Public Schools.


I am a product of the public school system. I had a great experience growing up. I played varsity tennis. I was in national honor society. I was even the student body president. And I was a radical Christian. Honestly in hindsight, I’m not sure how I had so many friends. I would boldly profess my faith. I led people to Christ in the hallway. I made some pretty radical decisions my senior year of high school and when I was asked “why,” I gave the only answer I had… “God told me to.” 

Even though I had a great experience myself, I didn’t really fall in love with public schools until I was signing my kids up for preschool. The decision at the time was not all that thoughtful. As a young mom I didn’t realize that in order to get into most preschools you have to sign your kids up for preschool at least 6 months ahead of time. We had decided to hold Piper back and start kindergarten when she was 6, but I knew that she was ready for at least 3 days a week. My options were limited, so without too much thought, I signed Piper up for our local ECFE preschool. Without realizing it, I had signed Piper up for a side-by-side class. It is an integrated class where special needs students and mainstream students are in the same class, working side-by-side (hence the name). Piper had no idea. There was a mainstream teacher and a special ed teacher in each class, both were equally Piper’s teachers. It didn’t matter to her that the girl next to her had a “friend” (para) with her half of the afternoon or that the boy in front of her had special accommodations. Her classmates were her friends. Plain and simple. Each student was provided with what they needed to succeed. 

The more I learned about the program, the more my passion grew. I loved that kids with unique needs were provided the services they needed. I loved that kids who couldn’t afford to go to preschool could get scholarships so that they could attend. I loved that they would send home food to families who were in need. I loved that my kids rubbed shoulders with kids who are different than them. I loved that I got to meet parents that lived in my community. I loved that each family had a different story, yet shared the common passion to raise their kids well. I began to see public schools as the center of the community. And not only that, but as a microcosm of the community at large. What we see in the schools closely mirrors what is going on outside of those sturdy walls.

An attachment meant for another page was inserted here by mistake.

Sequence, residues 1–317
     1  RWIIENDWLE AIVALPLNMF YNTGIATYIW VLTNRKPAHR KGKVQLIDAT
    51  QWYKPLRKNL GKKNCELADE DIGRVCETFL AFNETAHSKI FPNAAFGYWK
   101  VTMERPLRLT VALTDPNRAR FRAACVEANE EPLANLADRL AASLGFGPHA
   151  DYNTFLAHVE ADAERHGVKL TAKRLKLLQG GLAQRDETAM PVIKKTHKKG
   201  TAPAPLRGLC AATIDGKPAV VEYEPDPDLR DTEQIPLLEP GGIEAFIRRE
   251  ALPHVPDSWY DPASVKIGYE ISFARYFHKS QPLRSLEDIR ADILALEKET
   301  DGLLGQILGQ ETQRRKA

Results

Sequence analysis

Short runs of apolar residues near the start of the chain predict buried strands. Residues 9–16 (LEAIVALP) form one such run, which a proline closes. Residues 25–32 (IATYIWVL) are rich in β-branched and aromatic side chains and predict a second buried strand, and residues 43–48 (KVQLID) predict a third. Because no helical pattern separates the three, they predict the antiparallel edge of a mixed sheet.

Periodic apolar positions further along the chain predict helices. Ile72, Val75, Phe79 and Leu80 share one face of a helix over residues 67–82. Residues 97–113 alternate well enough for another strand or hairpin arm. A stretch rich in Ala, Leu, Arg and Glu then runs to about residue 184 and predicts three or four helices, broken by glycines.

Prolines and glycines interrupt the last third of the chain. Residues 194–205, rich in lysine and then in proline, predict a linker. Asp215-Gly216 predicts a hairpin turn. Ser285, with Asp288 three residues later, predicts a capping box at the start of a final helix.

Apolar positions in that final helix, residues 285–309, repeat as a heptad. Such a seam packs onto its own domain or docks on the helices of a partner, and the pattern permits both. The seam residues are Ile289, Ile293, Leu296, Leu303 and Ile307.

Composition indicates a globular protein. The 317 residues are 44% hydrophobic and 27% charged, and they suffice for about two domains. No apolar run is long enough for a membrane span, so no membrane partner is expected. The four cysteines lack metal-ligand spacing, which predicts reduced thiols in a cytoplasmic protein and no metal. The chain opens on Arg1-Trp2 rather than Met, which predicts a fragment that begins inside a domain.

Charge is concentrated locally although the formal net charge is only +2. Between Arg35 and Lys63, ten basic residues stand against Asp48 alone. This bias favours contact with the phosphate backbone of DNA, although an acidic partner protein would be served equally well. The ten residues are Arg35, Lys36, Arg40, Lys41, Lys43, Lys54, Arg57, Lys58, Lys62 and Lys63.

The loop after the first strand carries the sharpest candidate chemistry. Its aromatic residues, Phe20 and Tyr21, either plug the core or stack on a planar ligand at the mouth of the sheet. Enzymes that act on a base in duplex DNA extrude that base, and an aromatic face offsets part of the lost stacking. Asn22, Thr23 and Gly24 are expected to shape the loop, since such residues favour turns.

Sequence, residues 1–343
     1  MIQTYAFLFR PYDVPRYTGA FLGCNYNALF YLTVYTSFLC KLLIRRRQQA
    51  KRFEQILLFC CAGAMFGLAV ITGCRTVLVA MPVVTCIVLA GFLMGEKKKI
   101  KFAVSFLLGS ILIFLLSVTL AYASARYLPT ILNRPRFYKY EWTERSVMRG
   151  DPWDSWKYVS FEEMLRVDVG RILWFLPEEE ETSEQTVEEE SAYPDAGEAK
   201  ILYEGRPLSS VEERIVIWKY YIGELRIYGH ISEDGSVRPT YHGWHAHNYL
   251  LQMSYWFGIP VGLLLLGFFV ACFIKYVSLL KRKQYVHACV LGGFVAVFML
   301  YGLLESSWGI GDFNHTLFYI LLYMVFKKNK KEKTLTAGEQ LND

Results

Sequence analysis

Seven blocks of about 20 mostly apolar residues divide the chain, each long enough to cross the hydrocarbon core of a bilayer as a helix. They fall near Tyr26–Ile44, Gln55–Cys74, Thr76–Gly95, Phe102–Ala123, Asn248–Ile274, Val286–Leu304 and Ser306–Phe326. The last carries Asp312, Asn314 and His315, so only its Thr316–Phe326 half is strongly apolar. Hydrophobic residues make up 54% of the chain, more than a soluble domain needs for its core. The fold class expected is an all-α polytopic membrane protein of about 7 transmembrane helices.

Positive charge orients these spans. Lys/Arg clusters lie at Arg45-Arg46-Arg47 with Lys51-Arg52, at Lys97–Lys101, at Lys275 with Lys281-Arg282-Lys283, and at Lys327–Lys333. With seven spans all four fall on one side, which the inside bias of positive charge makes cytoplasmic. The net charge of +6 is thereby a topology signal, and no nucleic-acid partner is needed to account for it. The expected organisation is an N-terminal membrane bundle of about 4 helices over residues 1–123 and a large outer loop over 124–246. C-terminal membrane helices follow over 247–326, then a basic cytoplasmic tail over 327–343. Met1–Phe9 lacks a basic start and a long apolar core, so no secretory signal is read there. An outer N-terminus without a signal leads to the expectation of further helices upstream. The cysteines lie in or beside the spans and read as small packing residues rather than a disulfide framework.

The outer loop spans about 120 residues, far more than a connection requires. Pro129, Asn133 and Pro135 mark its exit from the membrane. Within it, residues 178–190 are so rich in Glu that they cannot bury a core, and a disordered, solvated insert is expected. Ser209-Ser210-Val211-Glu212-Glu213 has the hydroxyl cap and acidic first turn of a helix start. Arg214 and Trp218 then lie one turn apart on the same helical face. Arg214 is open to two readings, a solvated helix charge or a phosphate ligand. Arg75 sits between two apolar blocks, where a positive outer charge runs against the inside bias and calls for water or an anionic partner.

I must pause to address the elephant in the room. Most of what I share about on my blog does not stir up controversy. This post could. I recognize that if you are a Christian, this passion of mine could rub you the wrong way. I get it. Both of my sisters home school their children. I have a ton of friends who have decided to send their kids to private schools or charter schools. I also know that many people reading this have had really painful experiences in public schools. As I share my passions, I am not judging your decisions nor am I minimizing your experience. Take what is good. Leave behind the rest. 

I mention that because the older I get, the fewer Christians I know share my passion for public schools. School is a lot more complicated than it was when we all went to school. I get it. It is our job to keep our kids safe. Elementary schools have to conduct drills in case someone comes into their school firing a weapon. My nephew bought a bulletproof backpack for school this year. It is designed to serve as both a backpack and a shield – what!?!?!?! Kids are caught with drugs in middle school. Kids are bullied daily because they are different. Kids are questioning their sexuality before they enter puberty. I…GET…IT. Public school feels scary.

But here’s the rub, Jesus calls us to scary places. Places that make us a bit nervous, make us squirm a little, places that make us uncomfortable. Most of Jesus’ ministry was spent in these places. It started at his birth, he was born in a stable surrounded by animals (Luke 2). He touched people with Leprosy (Matthew 8). He cast out evil spirits (Mark 9). He clears the temple (Mark 11). He ate with the pharisee’s (Luke 14). He did not come for the healthy, he came for the sick (Mark 2:17)

And not only that, he instructed us to do the same

Mark 16:15 tell us “And he said to them, ‘Go into all the world and proclaim the gospel to the whole creation.” 

Matthew 28:19-20 says “Go therefore and make disciples of all nations, baptizing them in the name of the Father and of the Son and of the Holy Spirit, teaching them to observe all that I have commanded you. And behold, I am with you always, to the end of the age.”